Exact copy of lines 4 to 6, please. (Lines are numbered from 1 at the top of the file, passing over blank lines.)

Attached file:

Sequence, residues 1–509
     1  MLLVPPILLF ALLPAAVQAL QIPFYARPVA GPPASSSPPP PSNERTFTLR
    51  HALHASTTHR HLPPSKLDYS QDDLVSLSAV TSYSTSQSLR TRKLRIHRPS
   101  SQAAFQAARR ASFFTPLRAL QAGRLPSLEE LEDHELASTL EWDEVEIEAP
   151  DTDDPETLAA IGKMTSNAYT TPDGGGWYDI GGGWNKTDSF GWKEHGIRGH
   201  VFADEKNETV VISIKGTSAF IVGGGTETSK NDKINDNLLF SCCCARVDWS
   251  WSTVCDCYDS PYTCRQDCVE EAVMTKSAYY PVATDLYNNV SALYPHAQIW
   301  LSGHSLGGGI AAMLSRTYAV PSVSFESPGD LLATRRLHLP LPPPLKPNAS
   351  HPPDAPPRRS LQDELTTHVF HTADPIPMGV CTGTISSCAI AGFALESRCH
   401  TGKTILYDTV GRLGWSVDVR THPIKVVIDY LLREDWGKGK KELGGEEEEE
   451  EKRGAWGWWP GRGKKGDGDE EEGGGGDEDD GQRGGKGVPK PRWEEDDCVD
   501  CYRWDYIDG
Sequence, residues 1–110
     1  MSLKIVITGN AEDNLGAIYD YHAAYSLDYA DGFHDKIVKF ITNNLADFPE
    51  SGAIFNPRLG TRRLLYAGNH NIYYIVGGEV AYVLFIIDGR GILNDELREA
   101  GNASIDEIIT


   101  SQAAFQAARR ASFFTPLRAL QAGRLPSLEE LEDHELASTL EWDEVEIEAP
   151  DTDDPETLAA IGKMTSNAYT TPDGGGWYDI GGGWNKTDSF GWKEHGIRGH
   201  VFADEKNETV VISIKGTSAF IVGGGTETSK NDKINDNLLF SCCCARVDWS